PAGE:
Famous brands that changed their logos during the Covid-19 pandemic

Large companies and brands trying to do their part and communicate the important message of social distancing. Check out how some of the most iconic identities have been modified to get the word out.

McDonald’s: Separated arches.

Volkswagen: Thanks for keeping your social distance.

Coca-Cola: Staying apart is the best to stay united.

Chiquita: I’m already home.

Mercado Libre: No handshake. Just elbow shake please.

Audi: Keep distance.

Brothers Street Food: Keep distance with humans. Not pets.

Keef Keef Chocolate, Israel: Give up the high fives, for the time being.
(The first word is “Keef” - the Hebrew word for “High Five”.)

Burger King changed their slogan from “Home of the Whopper” to “Stay Home”.

Zoom takes the opposite approach to other brands: Shorten the distance.


Help, my eyes are rolling out of my head. These remind me of this video: https://www.youtube.com/watch?v=vM3J9jDoaTA

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My eyes have rolled out of the back of my head, out the front door, down the block, halfway across town to the dump, and laying on top of a heap of garbage. The sickening feeling that I get is that of the morbid reality that these companies don’t give a shit about you but that keeping the brand in your mind is top priority.

Companies are composed of people. Does the company care? No, it’s not a living thing.

Do the people who make up the company care. Lot’s of them do. A few probably don’t.

Are corporate attempts to address the whole Covid-19 pandemic examples of corporate caring and altruistic behavior? Probably not, since a company, once again, isn’t a living, emotional sentient thing.

Do the genuine concerns for other people by the people in these companies show through in their Covid-19 marketing? Probably, at least to some extent.

In my opinion, it’s not the role of companies to feign corporate concern. The primary role of a company is to make money, which creates products and services for consumers and provides jobs for employees. Maybe companies should be more socially conscious as part of their corporate cultures. A few might actually do just that.

I suppose I view corporations as a sort of machine that people operate. I don’t expect machines to care — they have no feelings and just do what they were built to do. The people, however, who run machines are largely the same as any other group of people.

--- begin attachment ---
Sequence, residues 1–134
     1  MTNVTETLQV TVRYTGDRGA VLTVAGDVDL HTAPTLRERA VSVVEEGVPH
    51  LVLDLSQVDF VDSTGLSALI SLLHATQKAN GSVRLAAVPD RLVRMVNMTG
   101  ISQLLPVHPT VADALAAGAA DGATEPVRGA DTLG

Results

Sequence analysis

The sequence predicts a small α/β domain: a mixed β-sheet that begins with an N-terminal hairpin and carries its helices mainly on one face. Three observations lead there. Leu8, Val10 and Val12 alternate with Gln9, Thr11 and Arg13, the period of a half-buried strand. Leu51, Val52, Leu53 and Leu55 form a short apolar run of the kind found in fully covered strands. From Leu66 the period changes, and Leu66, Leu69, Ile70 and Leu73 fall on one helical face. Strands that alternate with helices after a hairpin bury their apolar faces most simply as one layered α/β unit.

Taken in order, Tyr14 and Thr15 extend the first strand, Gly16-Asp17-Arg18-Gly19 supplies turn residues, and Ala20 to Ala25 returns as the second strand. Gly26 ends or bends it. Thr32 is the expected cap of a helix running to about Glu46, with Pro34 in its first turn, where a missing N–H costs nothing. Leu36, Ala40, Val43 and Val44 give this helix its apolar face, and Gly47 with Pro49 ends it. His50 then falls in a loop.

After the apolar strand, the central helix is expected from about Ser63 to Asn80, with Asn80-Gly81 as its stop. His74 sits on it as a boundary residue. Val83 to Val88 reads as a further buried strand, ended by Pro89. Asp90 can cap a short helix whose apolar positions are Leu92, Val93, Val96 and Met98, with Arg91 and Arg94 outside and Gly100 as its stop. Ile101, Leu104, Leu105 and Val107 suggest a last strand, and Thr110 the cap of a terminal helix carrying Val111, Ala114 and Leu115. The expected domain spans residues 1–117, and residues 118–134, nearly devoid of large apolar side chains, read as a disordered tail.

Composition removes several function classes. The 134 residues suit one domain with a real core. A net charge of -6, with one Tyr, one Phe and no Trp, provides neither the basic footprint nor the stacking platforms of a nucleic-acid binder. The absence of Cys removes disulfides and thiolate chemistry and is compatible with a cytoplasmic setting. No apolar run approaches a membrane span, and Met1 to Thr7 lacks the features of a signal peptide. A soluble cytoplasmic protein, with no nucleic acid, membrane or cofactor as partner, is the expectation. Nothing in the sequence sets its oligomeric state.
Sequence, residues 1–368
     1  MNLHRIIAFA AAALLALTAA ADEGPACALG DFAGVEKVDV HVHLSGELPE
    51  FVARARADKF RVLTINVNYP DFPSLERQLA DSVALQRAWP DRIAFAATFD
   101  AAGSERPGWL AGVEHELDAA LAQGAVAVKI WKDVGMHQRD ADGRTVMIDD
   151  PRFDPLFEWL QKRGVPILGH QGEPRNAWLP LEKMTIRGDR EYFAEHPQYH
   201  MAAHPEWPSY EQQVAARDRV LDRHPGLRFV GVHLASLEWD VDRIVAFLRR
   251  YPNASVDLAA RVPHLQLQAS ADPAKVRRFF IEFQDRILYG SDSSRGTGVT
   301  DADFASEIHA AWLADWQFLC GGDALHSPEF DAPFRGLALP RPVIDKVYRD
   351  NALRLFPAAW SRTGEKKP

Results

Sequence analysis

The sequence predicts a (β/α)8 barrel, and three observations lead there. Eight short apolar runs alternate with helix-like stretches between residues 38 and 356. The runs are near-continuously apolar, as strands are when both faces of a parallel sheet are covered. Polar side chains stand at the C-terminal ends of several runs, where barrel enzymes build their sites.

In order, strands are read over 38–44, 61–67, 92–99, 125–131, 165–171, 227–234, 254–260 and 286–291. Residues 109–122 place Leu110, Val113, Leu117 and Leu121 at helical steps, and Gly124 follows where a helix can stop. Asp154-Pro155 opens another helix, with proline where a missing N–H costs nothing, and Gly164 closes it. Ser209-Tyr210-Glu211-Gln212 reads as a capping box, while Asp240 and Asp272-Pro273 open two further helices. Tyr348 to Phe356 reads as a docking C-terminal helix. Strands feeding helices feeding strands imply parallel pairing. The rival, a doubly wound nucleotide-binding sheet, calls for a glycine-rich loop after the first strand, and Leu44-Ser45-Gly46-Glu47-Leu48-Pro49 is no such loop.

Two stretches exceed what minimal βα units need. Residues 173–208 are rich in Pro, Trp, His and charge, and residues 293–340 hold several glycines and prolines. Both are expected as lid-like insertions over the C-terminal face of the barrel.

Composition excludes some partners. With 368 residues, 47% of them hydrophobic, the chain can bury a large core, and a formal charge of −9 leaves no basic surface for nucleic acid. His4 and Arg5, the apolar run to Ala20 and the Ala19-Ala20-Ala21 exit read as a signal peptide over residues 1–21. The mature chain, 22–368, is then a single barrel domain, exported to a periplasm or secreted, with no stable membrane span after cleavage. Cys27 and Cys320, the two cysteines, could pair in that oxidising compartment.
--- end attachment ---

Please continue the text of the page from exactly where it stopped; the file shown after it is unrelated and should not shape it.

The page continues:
So when a corporate entity expresses concern over social and health issues — like the Covid-19 pandemic — of course there’s a marketing component to it. But I also think that at least some of the sentiments expressed by those companies actually reflect the concerns of the people who run the companies.

Egotistical, narcissistic, psychopaths are disproportionately represented at the higher levels of most mid-sized to larger corporations. I expect no compassion from these people because they’re incapable of it — only manipulative, self-serving behavior. Not everyone at the top is like that, though.

I guess what I’m saying is that it’s a mixed bag. We shouldn’t expect corporations to behave like caring people. But I don’t think we ought cynically dismiss their actions out of hand when, on occasion, they seem to at least make an effort that might reflect some of the genuine concerns of the people who work there.


I don’t know if many of these are real or not but it definitely shows you that companies adapt with the times. My favorite one is the Zoom logo. It has so many meanings behind it. Thank you for your post @iraszl


What am I missing with the Chiquita banana logo?

I guess you don’t have to worry about the woman usually in the logo being too close to you? I dunno. That’s a stretch on my part.

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Original Chiquita logo with the girl.

Well, that’s a stretch lolll!!

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They coulda just put a mask on her.

Nice, Mastercard too

I think this is easy to do. Throw some extra money at your marketing/branding department and come up with a new temporary logo. You get plenty of goodwill, especially when it’s a “cause” that almost the entire world is on one side of.

What’s harder is to stop taking advantage of weak labour laws in developing countries that endanger workers, and also keep running your businesses there once the crisis is over. That costs a lot more money to do, and not too much of the world cares about it because it’s not happening at their doorstep.

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